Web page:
Monday, December 24, 2007

Who Wants to Be a Tenure-Track Professor? Part II: The MLA Interview

'Tis the academic career advice season, it seems, as the most-read post in the brief history of CitizenSE has been the first installment in this series. So, going against The Little Professor's advice, I'm going to offer some more today, this time on the MLA interview. (Hey, she did it first!) Having been on the interviewed side more than a dozen times and on the interviewing side around a half dozen, I certainly have some experience, if not yet wisdom, to share. But since Tenured Radical has handled the "to do" part so well (along with Eric Rauchway and Eric Hayot), what I'm mostly going to do here is offer my own little "to don't" list. Not as funny as Robert Farley's, but hopefully mildly useful and/or entertaining to someone on the eve of MLA! If anyone wants to follow up on anything I've written or hinted at here (in the process of revising this, I've systematically removed all the juicy bits), drop me an email and I'll give you a call.

Don't forget that you're going to be interviewed in that tiny uncomfortable little hotel room or weird picnic table among dozens like it because that institution's personnel committee (some of whom you may even in that room with you at MLA) thinks very highly of you and your work and wants to find out more about both. The overall job search engenders such self-doubt, anxiety, and paranoia that this point can be difficult to remember. If you're in the top 8-12 of a particular search, you should keep in mind that a good number of people in the department are already interested in your work, already think you will be a good fit at their institution, and already believe you could become a wonderful colleague. So pat yourself on the back for putting together fantastic application materials and go into the interview with some well-deserved confidence.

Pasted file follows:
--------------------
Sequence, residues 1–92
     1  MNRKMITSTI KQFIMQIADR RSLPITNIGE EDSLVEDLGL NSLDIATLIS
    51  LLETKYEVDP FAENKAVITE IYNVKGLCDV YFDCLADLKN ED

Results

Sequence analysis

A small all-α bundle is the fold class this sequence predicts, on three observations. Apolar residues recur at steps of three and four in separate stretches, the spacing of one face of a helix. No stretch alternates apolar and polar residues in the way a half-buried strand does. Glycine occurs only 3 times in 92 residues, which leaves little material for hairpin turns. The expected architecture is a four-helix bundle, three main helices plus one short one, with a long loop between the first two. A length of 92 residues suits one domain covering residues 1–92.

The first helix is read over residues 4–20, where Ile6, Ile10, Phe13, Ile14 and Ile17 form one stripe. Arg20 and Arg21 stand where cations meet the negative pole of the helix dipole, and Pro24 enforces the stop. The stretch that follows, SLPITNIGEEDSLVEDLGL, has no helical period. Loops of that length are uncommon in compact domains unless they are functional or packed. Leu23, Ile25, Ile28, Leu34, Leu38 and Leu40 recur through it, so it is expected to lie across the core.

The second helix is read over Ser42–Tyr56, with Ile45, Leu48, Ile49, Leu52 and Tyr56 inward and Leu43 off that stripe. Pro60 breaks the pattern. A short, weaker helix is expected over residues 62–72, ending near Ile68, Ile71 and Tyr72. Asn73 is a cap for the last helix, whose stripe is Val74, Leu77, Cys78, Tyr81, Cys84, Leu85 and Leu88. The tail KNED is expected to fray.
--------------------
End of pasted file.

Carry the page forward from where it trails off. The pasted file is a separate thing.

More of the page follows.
Don't be intimidated by the realization that the other 7-11 people being interviewed for that position are likely to be about as well-qualified and -prepared for the job as you are, but only 2-4 of you will be invited for a campus visit.. You could be the personnel committee's consensus #1 heading into the interviews. But the actual interviewers might have their own ideas before you even set foot in the interview room. But even if you're the consensus #12, you can only move up, right? The point is, you can't know where you stand heading in and, anyway, no matter how anyone looks on paper, what matters now is what happens during the interview itself. You don't have to be perfect, you just have to be good enough to get into the top 3 or 4 in your pool.